Global Practices

A Political Shake-up in Japan



Last weekend, an assembly election for Tokyo’s Metropolitan Government resulted in a sweeping victory for populist Governor Yuriko Koike’s Tomin First no Kai, or “Tokyo Citizens First” Party. Most notably, it saw Prime Minister Shinzo Abe’s Liberal Democratic Party (LDP), the nation’s longstanding ruling party, receive a record low of only 23 out of 127 assembly seats — down from its current 57 seats. This is a direct reflection of the recent nosedive in popularity experienced by Prime Minister Abe and the LDP following a string of scandals and criticisms in recent months.

The city election is widely considered a precursor to the national election. Until recently, Prime Minister Abe — Japan’s third-longest serving premier since World War II — has been expected to be re-elected by the LDP for a third term next year, which would make him the longest-serving Prime Minister in history. In fact, a Prime Minister is currently allowed only two terms with the LDP, but, due to Abe’s high popularity, the LDP has been planning to adjust the rules to permit a candidate to run for a third term. This would allow him to carry out his agenda and retain the legacy of serving during the Tokyo 2020 Olympics. However, the sudden populist win and LDP seat loss in Tokyo signals the possibility that he could be replaced in the national elections in December 2018.

A former LDP member, Governor Koike is the first female leader of the nation’s capital. She angered senior LDP members when she ran for Tokyo governor last year and, again, when she defected from the party last month to form Tomin First no Kai, citing the LDP as an anti-reform “old boys’ club.” She campaigned on a reformist agenda focused on open government and cost-cutting. Now 64, she was formerly a TV newscaster before serving as Minister of Environment and Minister of Defense. Many speculate that she will eventually return to parliament to run for Prime Minister. Considering her strong track record in government, her high approval ratings, recognition for being media-savvy, and fluency in English and Arabic, she is well-positioned for the role.

People in Japan have generally been apathetic toward politics, but a recent wave of energy and attention is coming to the surface. With her TV background and as one of the first prominent female political personalities in Japan, Koike has attracted audiences previously uninterested in politics. In fact, this election had an 8 percent increase in voter turnout from the previous poll four years ago — from 43 percent to 51 percent — which is higher than usual for Japanese voters. This is due to her popularity as well as to the recent public incidents faced by Prime Minister Abe and his party. For example, in a highly uncommon occurrence, protestors rallied at a recent public speech by the Prime Minister; LDP members were later disparaged for trying to cover their signs and criticizing them for their interference.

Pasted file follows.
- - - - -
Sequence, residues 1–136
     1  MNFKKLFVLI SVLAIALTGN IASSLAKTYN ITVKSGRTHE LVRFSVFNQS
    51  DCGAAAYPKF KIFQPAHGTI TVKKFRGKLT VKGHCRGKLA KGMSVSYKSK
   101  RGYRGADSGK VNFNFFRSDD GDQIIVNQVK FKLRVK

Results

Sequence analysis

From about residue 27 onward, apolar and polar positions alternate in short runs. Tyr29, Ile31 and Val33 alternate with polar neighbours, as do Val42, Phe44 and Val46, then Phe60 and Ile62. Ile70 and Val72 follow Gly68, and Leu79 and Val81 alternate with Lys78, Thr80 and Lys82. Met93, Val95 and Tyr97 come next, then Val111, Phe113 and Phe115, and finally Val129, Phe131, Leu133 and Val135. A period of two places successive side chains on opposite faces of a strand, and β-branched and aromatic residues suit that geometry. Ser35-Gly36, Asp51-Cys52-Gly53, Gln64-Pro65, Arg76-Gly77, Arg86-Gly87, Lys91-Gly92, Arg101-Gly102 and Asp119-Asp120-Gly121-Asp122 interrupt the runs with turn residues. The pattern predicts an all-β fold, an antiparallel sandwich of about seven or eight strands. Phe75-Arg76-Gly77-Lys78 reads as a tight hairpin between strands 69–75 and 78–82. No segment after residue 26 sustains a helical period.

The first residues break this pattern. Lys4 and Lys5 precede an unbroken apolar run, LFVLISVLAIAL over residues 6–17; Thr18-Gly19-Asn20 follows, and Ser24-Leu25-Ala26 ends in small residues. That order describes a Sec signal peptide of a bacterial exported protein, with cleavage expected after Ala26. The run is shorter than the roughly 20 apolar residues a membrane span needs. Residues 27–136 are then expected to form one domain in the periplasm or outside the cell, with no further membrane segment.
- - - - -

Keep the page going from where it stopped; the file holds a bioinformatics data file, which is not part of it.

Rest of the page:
However, this swing in public favor is not a complete surprise. Over the past 12 months, Prime Minister Abe and the LDP, which has been the ruling political party in Japan for all but four years since 1955, has received significant criticism for ramming through several pieces of controversial legislation that lacked public support. Among these include an “anti-conspiracy law” which allows arrests to be made before a criminal act; another law that allows Japan to exercise its right to collective self-defense; and the legalization of casino gambling in Japan. Abe has also been aggressively pushing to revise the national Constitution, which has gone untouched since the end of the war. In addition to all of this, the Prime Minister has become entangled in allegations of favoritism and rumors of corruption.

At the same time, a heightened interest in the Tokyo Governor has developed due to heated debate about the relocation of The Tsukiji Market, Tokyo’s famous international fish market, and government spending for the 2020 Olympics. In addition, three Tokyo governors preceding Koike stepped down because of public scandals. It has also become clear there is a groundswell of frustration with the old, traditional system and a desire for reform — a societal momentum which Governor Koike leveraged successfully. Not only has she emerged as the only politician who poses a real threat to the dominance of the LDP, but the prominence of her role as the Tokyo Governor will be stronger over the next few years than previously expected.

We can expect an equal level of attention to be given to the national election next year. We also can expect a flood of new LDP candidates angling to replace Prime Minister Abe and primed to compete against a possible Koike run in a few years’ time. In the near term, although it is obvious that all discussion about Constitutional reform will be muted, we don’t expect much to change in terms of the existing legislative calendar.

Interestingly, the scenario playing out now is a realization of the findings in the 2017 Edelman Trust Barometer released earlier this year, which indicated a possible movement in Japan toward populism as seen in other parts of the globe. In the survey, Japan was ranked “below global average” for people’s faith in the system — only 13 percent of respondents in Japan said they believe the system is working — and 53 percent expressed concern for widespread corruption. Most notably, nearly three-quarters of respondents in Japan found the “Reformer” more believable than the “Preserver of the Status Quo.” Although it’s unlikely that Governor Koike, the reformer, will scale her “Tokyo First” platform to a national level, it is clear that Japan’s political environment is heading for change.

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